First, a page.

Several: It is important to determine what type of seizures you have. Although some anti seizure meds will handle multiple seizure types, some meds are better for certain types of seizures (generalized vs. Focal). A mismatch between seizure type and antiseizure meds could make seizures worse. Many seizure meds work well and do not cause significant side effects. Discuss individual details with your md. ...Read moreSee 1 more doctor answer
Natural treatment for primary generalized seizure disorder? Had one seizure two yrs ago. Now on lamictal 50 b.I.D.
See below: "natural" remedies such as herbs, etc. Have not been proven to manage epilepsy, especially generalize epilepsies as well as medications (those too have their limitations) do. If you have not had a seizure in 2 years, you may speak to your neurologist about options and management options at this point. Hope that helps! ...Read moreSee 1 more doctor answer
What are the differences between tonic-clonic seizures, simple partial seizures, and complex partial seizures?
Accurate description: The best way to define a seizure is to view it from start to finish with all sensory and motor events recorded as well as the on-going eeg. If it starts in one area of the brain, it is partial. If it starts all over, it is generalized. If there is alteration of consciousness, it is complex. Grand mal should not be used. ...Read more
Hi,I'm 30 years of age.I suffer from petit mal epilepsy.I would like to know how many absence seizures occur a day?
Absence seizures: Typically last 1-3 seconds and may occur up to 200 or more times a day. One is unaware of their lapses as it is a generalized seizure. Ethosuccamide and Valproate are treatments. ( may Worsen with sodium channel drugs like Lamictal . partial complex epilepsy and JME are much more common in a 30 year old than " petit mal" which if not part of JME syndrome typically is outgrown by age 14 ...Read moreSee 1 more doctor answer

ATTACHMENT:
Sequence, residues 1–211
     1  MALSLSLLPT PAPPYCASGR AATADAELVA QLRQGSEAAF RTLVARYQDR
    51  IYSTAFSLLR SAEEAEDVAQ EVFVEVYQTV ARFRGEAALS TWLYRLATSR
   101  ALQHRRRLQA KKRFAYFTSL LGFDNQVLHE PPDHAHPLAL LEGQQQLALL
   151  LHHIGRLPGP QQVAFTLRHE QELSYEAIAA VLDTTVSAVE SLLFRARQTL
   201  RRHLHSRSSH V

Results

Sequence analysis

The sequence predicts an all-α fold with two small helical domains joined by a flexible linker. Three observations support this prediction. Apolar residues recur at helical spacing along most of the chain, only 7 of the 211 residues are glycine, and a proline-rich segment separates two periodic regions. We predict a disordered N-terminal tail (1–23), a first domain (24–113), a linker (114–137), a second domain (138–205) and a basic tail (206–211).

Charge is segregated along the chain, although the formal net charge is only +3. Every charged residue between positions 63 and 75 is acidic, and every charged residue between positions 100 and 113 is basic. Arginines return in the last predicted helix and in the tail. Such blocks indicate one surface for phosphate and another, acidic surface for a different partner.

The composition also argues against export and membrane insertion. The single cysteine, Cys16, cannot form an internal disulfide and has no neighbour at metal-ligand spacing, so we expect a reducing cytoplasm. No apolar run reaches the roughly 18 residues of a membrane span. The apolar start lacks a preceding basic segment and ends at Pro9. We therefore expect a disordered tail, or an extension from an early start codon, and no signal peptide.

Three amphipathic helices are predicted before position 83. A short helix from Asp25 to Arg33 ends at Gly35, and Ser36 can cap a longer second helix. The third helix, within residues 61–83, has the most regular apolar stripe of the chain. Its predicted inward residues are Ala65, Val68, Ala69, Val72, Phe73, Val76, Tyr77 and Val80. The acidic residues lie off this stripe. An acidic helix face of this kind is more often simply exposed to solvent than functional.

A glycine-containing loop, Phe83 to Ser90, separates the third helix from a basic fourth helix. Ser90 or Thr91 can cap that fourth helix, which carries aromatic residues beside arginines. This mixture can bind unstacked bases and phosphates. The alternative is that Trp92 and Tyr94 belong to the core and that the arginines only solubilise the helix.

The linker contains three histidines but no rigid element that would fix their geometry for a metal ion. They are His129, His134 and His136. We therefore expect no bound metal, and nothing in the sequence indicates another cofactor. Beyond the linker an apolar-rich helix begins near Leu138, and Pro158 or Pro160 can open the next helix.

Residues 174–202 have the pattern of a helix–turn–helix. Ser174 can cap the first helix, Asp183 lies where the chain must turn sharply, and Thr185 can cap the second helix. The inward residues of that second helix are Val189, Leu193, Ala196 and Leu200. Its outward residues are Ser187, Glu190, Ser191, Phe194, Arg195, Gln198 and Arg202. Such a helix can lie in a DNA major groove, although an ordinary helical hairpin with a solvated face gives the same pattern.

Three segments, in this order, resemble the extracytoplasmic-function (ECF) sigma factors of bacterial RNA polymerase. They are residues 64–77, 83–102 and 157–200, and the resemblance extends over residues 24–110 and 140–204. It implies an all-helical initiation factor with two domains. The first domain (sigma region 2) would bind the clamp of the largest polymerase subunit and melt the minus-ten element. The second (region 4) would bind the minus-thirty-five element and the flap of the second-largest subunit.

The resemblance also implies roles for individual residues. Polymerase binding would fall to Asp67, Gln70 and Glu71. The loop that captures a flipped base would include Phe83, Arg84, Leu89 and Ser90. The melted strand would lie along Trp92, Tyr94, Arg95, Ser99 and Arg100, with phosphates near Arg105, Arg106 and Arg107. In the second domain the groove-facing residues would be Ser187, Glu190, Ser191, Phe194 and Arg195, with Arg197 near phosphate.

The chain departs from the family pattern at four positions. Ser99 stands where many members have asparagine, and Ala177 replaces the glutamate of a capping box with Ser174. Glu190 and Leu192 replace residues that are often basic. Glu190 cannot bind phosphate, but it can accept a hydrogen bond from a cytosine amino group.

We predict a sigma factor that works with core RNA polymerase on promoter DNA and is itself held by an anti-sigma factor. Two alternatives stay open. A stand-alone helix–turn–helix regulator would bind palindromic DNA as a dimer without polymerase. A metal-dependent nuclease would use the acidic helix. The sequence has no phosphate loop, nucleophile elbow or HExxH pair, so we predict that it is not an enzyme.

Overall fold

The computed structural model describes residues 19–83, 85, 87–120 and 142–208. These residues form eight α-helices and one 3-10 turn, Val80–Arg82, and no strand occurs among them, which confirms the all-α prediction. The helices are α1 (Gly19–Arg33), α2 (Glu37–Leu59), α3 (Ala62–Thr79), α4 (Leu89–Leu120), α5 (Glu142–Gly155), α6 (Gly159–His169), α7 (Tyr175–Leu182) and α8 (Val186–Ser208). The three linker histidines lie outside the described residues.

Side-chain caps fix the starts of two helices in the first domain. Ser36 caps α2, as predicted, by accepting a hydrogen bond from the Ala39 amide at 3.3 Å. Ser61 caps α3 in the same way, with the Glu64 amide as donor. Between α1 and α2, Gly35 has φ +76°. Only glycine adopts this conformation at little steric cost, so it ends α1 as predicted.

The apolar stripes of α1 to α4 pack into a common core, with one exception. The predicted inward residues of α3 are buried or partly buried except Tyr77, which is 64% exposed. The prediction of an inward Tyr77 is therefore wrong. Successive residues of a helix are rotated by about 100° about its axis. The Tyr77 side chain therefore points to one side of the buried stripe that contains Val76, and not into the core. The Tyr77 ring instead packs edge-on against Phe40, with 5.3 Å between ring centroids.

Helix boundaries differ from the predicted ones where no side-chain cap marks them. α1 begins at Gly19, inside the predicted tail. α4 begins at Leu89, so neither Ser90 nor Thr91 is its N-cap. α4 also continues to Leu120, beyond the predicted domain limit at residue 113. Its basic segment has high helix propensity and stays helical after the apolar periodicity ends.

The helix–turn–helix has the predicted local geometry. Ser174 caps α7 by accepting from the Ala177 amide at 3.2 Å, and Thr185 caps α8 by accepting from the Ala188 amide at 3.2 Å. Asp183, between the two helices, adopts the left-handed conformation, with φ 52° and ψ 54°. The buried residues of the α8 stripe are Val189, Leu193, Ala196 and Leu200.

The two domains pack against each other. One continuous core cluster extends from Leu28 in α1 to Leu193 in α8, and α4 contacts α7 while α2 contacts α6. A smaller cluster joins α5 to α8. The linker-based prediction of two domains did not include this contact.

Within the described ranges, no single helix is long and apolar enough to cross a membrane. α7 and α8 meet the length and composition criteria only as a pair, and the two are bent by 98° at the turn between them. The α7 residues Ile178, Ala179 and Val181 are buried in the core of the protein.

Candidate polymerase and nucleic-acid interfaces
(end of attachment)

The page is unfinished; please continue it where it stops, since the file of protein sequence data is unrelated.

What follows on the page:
3 months baby having grand mal seizures.EEG good,MRI as well.Talking keppra (levetiracetam) 2*1.5ml and phenob.2*15mg and still has seizures almost daily.Reason?
Sometimes nothing!: Rolandic epilepsy is a form of epilepsy that often afflicts children, but it is considered a "benign" form of epilepsy. Most of the time it begins in children who are between 6 and 8, and it goes away by itself by around age 14. Because of the benign nature, often times no treatment is recommended. If the seizures are causing problem for the child, various seizure medicines can be helpful. ...Read more
Cure for febrile sz: For most people, febrile seizure occurs once or twice. Aging will lead to this condition disappearing, there is no treatment needed in these cases. In rare cases, normally for situations when febrile seizures occur more than two times, or if the EEG is abnormal, medicine may be used to prevent seizures. ...Read moreSee 2 more doctor answers
Epilepsy (Tonic Clonic Or Grand Mal Seizures) (Definition)
Grand mal seizures are a clinical finding in which a person loses consciousness and their entire body experiences uncontrolled rhythmic muscle contractions and may result in incontinence during the seizure. ...Read more